Other quantum properties of microscopic physical systems offer possible explanations of various aspects of consciousness. Because of a physical property called quantum coherence, individual particles lose their separate identity and become part of a common unit described by one wave function, as is the case with lasers where they produce optical coherence. Hameroff [24], Vitiello [69], Jibu and Yasui [27] and others have suggested this type of quantum coherence as an explanation for the unitary nature of self and the binding property in conscious experience. In nonlocal quantum entanglement, particles once unified in a common quantum state remain physically connected at a distance [17]. When one particle is measured, its quantum entangled partner particle reacts instantaneously, regardless of its location. This quantum interaction-over-distance has been proposed to provide a basis for associative memory, as well as an explanation of emotional connections between conscious individuals [73].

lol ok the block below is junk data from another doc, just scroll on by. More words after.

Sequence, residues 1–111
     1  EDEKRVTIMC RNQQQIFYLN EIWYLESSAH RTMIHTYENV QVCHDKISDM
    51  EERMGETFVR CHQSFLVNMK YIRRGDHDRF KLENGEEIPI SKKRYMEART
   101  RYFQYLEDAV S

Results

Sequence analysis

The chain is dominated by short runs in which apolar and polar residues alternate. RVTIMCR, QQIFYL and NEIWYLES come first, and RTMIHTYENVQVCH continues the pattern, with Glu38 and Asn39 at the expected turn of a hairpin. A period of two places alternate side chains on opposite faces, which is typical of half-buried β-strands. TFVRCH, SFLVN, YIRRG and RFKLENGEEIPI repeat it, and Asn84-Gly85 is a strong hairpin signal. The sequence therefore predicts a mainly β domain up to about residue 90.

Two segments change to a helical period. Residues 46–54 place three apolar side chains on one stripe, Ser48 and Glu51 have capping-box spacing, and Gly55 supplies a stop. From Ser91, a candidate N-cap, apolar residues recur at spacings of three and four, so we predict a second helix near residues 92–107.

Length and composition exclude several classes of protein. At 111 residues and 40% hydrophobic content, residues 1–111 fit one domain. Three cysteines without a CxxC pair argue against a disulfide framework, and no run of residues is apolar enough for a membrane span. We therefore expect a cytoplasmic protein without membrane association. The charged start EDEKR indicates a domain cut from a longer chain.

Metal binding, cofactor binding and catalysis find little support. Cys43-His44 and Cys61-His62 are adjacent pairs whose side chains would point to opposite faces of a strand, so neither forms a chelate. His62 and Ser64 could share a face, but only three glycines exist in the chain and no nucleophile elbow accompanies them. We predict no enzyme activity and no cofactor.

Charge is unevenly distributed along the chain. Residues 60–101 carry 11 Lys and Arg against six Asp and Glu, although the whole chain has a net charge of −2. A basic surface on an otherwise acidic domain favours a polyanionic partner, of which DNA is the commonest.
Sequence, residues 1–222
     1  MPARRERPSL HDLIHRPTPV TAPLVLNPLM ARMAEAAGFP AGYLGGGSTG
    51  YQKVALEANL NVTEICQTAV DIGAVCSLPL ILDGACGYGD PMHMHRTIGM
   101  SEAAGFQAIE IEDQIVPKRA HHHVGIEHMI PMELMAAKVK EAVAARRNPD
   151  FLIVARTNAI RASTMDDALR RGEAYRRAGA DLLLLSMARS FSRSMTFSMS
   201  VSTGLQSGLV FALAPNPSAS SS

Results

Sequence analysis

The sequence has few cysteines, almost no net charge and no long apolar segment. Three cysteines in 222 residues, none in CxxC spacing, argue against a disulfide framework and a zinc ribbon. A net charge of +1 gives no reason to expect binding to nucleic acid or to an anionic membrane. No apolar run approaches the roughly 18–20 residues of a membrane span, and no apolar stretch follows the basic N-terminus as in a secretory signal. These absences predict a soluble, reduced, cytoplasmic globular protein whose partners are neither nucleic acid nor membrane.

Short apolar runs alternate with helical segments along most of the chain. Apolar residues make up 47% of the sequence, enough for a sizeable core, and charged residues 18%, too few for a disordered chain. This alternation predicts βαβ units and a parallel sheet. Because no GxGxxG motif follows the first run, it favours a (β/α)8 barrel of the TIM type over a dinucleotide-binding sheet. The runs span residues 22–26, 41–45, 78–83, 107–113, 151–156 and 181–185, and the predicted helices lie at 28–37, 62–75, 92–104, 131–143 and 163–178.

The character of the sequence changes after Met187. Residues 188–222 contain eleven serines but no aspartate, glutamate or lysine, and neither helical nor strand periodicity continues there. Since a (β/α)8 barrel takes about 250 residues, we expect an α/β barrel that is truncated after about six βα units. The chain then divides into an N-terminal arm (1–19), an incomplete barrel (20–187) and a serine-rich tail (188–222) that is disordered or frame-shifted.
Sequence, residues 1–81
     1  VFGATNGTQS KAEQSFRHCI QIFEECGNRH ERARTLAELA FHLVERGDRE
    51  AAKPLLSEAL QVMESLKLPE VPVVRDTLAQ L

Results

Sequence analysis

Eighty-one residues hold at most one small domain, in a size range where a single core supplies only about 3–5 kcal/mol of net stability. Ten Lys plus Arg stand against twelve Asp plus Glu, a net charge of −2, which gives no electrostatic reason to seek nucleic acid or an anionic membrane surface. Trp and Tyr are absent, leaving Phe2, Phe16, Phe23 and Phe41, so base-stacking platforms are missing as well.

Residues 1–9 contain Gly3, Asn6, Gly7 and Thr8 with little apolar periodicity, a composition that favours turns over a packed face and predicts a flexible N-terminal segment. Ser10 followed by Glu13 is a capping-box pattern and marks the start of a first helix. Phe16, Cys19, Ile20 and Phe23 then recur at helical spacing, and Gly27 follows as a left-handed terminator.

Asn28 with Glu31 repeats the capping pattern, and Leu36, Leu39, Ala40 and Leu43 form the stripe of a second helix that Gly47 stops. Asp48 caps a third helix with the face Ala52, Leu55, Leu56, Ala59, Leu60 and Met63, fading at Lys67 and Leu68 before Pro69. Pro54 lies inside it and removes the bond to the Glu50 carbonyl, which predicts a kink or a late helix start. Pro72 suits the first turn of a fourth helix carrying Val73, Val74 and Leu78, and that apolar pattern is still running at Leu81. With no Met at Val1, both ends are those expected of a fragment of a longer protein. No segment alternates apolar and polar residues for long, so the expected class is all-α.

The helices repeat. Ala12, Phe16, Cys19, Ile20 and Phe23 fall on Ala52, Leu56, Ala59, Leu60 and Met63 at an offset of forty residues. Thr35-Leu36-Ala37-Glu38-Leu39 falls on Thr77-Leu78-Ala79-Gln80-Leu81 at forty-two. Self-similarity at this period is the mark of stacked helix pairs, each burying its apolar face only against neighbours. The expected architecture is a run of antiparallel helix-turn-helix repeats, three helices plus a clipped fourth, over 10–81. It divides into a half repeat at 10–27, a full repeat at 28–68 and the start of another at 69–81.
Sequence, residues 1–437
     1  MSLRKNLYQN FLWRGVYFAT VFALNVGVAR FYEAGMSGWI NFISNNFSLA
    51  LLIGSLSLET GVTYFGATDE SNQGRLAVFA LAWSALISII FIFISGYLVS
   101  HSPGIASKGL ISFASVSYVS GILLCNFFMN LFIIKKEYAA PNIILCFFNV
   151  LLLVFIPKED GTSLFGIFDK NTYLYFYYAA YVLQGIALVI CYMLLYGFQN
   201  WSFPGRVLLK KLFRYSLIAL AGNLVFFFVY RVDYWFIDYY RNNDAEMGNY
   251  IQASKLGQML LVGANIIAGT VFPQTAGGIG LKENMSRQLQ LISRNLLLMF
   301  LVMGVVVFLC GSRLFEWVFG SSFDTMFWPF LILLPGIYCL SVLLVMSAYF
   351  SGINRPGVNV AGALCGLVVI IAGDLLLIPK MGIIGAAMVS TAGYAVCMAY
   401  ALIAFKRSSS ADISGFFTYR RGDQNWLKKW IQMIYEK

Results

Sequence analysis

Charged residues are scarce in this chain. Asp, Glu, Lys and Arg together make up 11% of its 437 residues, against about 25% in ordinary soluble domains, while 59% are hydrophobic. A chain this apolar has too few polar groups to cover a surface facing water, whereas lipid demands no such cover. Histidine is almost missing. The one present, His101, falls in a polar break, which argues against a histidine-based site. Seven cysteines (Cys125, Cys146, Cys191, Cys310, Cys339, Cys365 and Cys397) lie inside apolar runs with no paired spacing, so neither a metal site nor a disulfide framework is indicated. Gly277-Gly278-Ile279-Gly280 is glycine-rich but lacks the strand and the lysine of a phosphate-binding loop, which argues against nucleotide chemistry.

If validated, these speculations would indicate that biological evolution has taken advantage of quantum processes, one use being quantum computation in the brain. Indeed, modern biochemistry can easily identify molecules in the brain that operate at least partially in a quantum manner at the subneuronal level. Examples include various receptor proteins, enzymes, membrane lipids, presynaptic vesicle structures, gap junctions, neurotransmitter molecules, calcium ions, DNA, RNA, and microtubules and other protein filaments. The key question still remains: At what level of organization do quantum effects cease to exist, or become thermalized in a noisy system like the brain? In other words, where can we place the quantum/classical boundary? Conservative scientists argue that quantum effects are destroyed already at the level of individual molecules and ions in a thermal environment. On the other hand, advocates of quantum consciousness theories see more highly organized and spatially extended quantum states, for example, involving a number of different microtubules in the same neuron or even in several neurons forming a coherent cluster. Penrose and Hameroff [46] have put forth a highly original model of consciousness based on quantum computation in microtubules within the brain's neurons. This and other quantum models elucidate a number of enigmatic features of consciousness; however, a few hurdles remain in establishing their likelihood. Some of these difficulties are identified when designing prototype quantum computers. One such obstacle is that quantum computers will require a high degree of isolation from decoherence effects of the local environment, or alternatively some kind of fault-tolerant architecture that permits delicate quantum computing in the presence of realistic levels of decoherence [36]. The brain operates at body temperature, its mass comprises 60 percent water, and is electromagneti-cally, chemically and mechanically noisy, all of which would seem to severely shorten the time allowed for quantum computation. Long-lasting, large-scale quantum states are deemed to be impossible in the brain because a single ion, photon, or thermal vibration can cause decoherence and hence random reduction to classical states. On the other hand, proponents of a quantum approach to consciousness point to a number of physical mechanisms in the brain that may lengthen the time of quantum coherence and provide necessary quantum isolation. Firstly, microtubules may be able to perform quantum computations at room temperature because basic maintenance of microtubules is energy dependent, resulting in energy being continuously pumped in and out. This situation is analogous to that of lasers, which work according to quantum optical principles at room temperature [21, 39]. Secondly, the water of hydration surrounding microtubules appears to be in an ordered state, which decreases noise [21]. Thirdly, topological error correction (in a manner similar to that of the fault-tolerant architecture described above) may protect delicate quantum states [21].